Volume 21, Issue 1
  • ISSN 1569-2159
  • E-ISSN: 1569-9862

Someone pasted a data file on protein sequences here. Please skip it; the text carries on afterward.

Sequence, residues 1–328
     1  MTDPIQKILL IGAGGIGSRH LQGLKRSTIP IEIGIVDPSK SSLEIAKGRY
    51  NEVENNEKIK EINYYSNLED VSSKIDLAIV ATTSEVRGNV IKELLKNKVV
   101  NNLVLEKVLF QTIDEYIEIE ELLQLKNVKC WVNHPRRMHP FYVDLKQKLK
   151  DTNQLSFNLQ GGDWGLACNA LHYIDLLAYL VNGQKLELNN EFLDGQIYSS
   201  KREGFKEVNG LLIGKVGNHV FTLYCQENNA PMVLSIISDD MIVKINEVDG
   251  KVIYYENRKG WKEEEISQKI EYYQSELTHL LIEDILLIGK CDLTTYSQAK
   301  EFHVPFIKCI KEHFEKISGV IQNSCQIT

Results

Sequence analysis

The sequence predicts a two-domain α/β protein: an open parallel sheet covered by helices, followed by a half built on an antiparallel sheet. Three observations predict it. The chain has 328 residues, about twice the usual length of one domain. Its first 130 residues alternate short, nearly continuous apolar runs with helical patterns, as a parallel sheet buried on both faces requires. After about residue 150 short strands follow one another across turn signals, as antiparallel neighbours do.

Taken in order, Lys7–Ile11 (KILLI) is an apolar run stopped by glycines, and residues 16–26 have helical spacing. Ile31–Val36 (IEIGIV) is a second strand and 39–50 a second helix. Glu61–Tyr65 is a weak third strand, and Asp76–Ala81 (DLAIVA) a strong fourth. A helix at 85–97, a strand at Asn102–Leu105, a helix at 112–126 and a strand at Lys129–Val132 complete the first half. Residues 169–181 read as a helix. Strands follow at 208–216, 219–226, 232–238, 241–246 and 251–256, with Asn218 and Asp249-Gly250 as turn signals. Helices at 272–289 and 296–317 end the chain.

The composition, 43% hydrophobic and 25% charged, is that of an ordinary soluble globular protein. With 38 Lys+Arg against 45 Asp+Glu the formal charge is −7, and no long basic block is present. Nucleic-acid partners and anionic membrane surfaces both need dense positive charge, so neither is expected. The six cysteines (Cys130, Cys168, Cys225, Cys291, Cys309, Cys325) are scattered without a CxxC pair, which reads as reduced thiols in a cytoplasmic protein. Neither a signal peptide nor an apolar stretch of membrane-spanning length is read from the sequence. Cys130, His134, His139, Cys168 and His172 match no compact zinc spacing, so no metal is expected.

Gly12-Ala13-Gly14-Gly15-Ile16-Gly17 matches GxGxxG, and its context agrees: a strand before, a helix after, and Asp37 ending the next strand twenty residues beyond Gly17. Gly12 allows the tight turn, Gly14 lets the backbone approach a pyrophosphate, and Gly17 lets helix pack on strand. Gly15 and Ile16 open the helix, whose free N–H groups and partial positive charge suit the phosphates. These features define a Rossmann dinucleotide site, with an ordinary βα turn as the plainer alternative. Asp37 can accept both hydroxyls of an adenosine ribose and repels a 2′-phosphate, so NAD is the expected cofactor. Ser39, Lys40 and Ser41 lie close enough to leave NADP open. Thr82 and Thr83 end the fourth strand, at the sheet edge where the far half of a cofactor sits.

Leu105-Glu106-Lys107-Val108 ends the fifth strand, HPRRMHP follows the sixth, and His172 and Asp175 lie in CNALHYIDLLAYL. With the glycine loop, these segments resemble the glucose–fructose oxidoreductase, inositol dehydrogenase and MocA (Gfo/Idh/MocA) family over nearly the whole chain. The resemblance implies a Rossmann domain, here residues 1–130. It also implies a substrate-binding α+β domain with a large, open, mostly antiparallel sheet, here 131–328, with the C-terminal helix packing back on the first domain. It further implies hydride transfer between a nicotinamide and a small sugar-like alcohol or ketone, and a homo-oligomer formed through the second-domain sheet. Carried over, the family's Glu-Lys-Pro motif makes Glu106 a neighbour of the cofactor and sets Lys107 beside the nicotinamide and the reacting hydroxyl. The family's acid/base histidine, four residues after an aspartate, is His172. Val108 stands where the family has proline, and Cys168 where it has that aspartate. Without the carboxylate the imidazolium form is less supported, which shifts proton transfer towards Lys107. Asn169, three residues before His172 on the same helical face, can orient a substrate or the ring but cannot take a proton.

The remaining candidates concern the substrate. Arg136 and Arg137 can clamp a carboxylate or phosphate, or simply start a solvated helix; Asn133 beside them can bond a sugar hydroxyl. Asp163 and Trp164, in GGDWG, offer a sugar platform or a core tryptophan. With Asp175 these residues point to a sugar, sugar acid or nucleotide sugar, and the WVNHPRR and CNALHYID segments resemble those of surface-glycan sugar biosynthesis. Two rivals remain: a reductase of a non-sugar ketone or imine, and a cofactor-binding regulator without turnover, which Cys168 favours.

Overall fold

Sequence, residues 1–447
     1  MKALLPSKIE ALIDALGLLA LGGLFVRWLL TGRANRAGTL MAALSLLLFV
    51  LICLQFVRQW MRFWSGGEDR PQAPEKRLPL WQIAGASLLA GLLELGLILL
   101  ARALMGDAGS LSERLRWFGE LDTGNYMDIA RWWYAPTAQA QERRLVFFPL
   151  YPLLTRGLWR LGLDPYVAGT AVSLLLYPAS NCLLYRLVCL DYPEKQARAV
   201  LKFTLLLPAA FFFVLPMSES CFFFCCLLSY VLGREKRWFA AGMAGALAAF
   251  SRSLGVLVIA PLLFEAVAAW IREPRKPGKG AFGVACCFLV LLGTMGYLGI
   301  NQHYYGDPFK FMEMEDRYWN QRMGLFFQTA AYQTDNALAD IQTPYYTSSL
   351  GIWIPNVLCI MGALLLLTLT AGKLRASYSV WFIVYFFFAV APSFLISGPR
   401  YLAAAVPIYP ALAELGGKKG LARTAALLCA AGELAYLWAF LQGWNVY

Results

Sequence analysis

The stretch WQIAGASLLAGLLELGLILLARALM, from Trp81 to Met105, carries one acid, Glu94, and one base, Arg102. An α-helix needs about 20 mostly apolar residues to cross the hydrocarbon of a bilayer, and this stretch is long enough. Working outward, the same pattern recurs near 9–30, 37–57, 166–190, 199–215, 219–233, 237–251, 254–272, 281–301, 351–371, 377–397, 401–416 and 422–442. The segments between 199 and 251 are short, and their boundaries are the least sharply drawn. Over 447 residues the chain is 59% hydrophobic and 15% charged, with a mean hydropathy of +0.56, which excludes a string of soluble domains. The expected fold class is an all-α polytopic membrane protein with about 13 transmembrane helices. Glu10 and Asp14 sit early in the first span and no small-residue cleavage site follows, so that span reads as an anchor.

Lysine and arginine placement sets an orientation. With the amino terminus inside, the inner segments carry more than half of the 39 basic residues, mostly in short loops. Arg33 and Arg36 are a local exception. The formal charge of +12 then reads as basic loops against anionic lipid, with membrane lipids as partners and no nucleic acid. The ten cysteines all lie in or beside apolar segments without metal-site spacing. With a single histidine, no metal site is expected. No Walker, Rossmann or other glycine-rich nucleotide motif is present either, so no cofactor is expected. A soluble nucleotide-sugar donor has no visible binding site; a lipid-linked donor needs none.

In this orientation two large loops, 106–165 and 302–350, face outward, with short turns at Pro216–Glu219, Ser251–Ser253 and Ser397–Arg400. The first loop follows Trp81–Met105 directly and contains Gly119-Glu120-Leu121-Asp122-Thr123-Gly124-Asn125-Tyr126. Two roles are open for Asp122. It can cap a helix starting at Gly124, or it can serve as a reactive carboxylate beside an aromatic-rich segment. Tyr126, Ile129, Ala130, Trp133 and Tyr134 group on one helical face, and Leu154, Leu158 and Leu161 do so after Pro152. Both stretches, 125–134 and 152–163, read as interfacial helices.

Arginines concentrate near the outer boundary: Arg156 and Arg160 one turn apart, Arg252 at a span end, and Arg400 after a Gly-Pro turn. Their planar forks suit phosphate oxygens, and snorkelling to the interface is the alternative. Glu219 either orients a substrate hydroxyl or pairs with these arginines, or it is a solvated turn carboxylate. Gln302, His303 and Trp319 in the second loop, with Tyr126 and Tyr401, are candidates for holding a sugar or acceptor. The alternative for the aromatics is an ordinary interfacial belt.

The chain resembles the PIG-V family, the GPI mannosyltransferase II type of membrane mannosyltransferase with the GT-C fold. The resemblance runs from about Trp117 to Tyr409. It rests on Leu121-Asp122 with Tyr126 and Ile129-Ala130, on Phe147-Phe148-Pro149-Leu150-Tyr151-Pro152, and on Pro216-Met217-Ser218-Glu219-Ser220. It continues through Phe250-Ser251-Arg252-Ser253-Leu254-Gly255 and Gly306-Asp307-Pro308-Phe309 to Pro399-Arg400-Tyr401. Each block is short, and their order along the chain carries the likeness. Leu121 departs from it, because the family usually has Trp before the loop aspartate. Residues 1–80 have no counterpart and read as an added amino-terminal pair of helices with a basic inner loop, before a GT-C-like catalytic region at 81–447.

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We investigated how two English-language newspapers – Hong Kong’s (SCMP) and the mainland (CD) – portrayed key social actors (police, students, protesters, and governments) during the Occupy Central/Yellow Umbrella movement. We examined emotional valence, arousal, and dominance characterizations in 1,180 news articles via a multilevel, multivariate outcome regression and critical discourse analysis. The findings reveal that emotional sentiments associated with students and protesters in SCMP were generally more positive than in CD but that this was reversed for the police and the government. Whereas SCMP deployed personal stories to construct a humanized image of protesters and students, CD relied on expert authority, rhetorical questions, and imagined scenarios to convey empathy towards Hong Kong residents, creating a villainized image of protesters. Our mixed-methods approach reveals how SCMP and CD portrayed students differently via the discursive frames of “optimistic dreamers” and “powerless scapegoats,” respectively.


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